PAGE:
Please join us in welcoming author Tia Fielding to The Novel Approach today, on the tour for One Step Forward.
Age and How We Perceive It
Age is just numbers, right? Well yes. And no. Sometimes it’s definitely nothing but numbers, sometimes it’s this huge chasm between two people. Sometimes two years is a massive difference, and on other occasion, two decades feel like nothing at all.
For single people who use dating sites, this is interesting. Yes, I’m speaking of my own experience here, in case you were wondering. For example, I’m thirty-five, and I keep changing my “preferred age” settings a lot based on the people who contact me. I’ve gone as low as 25 and as high as 50, and then I’ve adjusted them both on separate occasions. It’s… weird, and doesn’t really matter, because online dating rarely works anyway.
Age is a strange thing. The numbers guarantee very little, other than on the lower end the legal age of consent and all that. It doesn’t mean someone young is inexperienced or naïve. It doesn’t mean someone older has their life together or generally knows anything more than the young person. Life just doesn’t work that way.
I’ve written stories where the main characters are about the same age, or the age difference isn’t big enough to be considered May/December, at least in my opinion. Of course it’s different when it’s a human and a vampire love story, like Technically Dead, where there’s literally centuries between the two men. In contemporary stories it’s something I’d like to play with more. Maybe in the context of writing a BDSM story where the Dom is younger and the sub is older. I sort of did that in Falling Into Place, but it wasn’t a “true” BDSM story from my point of view.
I have a sister who is seventeen years younger than me. She’s eighteen now, and sometimes it feels like I can’t even remember what it felt like to be that age. Sure, I remember things I did and events that happened around that time, but the feeling of the age escapes me. Being a new adult is interesting. It’s not belonging to either childhood or adulthood, and it takes adjusting. Or so you think. Life does most of that adjusting for you, because in the end you pretty much just go on with your life and get older on the way.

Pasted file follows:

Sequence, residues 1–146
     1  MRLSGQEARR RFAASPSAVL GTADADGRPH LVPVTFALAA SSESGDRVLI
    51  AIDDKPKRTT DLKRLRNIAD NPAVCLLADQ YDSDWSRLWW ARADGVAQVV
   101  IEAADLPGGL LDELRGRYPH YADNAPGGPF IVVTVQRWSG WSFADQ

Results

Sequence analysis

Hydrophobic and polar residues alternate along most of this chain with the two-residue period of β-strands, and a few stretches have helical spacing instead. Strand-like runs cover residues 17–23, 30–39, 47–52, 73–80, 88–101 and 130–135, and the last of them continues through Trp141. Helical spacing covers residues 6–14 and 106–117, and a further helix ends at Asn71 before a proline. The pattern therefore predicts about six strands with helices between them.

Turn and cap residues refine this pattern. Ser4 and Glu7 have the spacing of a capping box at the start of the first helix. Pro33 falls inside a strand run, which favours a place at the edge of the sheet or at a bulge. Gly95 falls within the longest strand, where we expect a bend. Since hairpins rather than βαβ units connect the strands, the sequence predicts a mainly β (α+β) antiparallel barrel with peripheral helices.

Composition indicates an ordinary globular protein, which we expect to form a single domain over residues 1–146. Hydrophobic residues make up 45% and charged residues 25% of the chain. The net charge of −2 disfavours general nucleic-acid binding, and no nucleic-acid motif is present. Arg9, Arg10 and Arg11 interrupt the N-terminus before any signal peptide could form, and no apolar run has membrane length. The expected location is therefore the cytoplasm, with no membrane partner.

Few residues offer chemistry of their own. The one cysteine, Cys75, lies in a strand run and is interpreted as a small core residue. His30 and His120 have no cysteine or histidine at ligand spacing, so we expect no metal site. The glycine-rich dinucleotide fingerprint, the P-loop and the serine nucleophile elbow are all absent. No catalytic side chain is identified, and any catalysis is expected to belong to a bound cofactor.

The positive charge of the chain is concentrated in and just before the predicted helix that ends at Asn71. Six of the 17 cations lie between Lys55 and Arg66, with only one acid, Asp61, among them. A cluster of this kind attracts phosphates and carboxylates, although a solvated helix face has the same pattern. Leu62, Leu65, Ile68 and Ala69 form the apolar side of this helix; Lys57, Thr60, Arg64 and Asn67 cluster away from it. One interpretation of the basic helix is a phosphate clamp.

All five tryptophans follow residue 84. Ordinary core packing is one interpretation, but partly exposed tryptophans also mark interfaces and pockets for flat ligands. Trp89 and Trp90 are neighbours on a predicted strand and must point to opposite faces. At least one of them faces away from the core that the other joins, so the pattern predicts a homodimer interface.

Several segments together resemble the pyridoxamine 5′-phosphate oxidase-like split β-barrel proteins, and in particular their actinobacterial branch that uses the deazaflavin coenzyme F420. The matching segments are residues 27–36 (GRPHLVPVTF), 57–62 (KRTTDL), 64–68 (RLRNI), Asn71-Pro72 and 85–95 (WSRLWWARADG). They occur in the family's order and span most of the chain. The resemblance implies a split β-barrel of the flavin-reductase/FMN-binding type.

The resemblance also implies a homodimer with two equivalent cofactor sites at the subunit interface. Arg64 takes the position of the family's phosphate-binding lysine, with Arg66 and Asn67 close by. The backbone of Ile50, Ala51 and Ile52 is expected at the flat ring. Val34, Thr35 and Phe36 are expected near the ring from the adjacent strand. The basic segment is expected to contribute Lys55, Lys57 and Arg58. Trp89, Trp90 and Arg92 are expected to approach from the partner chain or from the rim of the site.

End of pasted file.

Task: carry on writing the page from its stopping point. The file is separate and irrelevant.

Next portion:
I do remember one thing from when I was about sixteen or so. I had a group of friends I spent time with, and we had this sort of “code” when we talked about celebrities’ ages. Since I’m Finnish, it doesn’t translate perfectly, but it went something like this. One of us would ask how old this or that actor or musician was, and someone would answer “oh, he’s a dude” or “he’s an old dude.” I think there might’ve been “really old dude” in addition, but I’m not sure.
A “dude” meant they were not over thirty yet. “Old dude” was forty and over, and yeah, you get the idea now. Now, at thirty-five, it seems hilarious to think we saw people my age old. Because let’s face it, we thought people under twenty were the “right age” for us to fangirl over. Anyone over thirty was already special category and felt a bit weird with the age difference, but “dude” was still fine because it wasn’t “old dude.”
Yeah, these days I look at my favorite actors and wonder where time went. For example I’ve always been a big fan of Jeremy Irons, and he’s now a really, really old dude (at sixty-seven.) I used to have a poster of Johnny Depp on my wall back then, and now he’s fifty-three.
Another way age of my favorites makes me a bit dizzy is when I look at a younger celebrity and realize they’re not much older than my sister is. For example, I adore Dylan O’Brien and it makes me feel like a dirty old person to realize he’s over a decade younger than me, yet I drool with my sister whenever we see him somewhere. (Makes for an excellent sibling bonding experience, though….)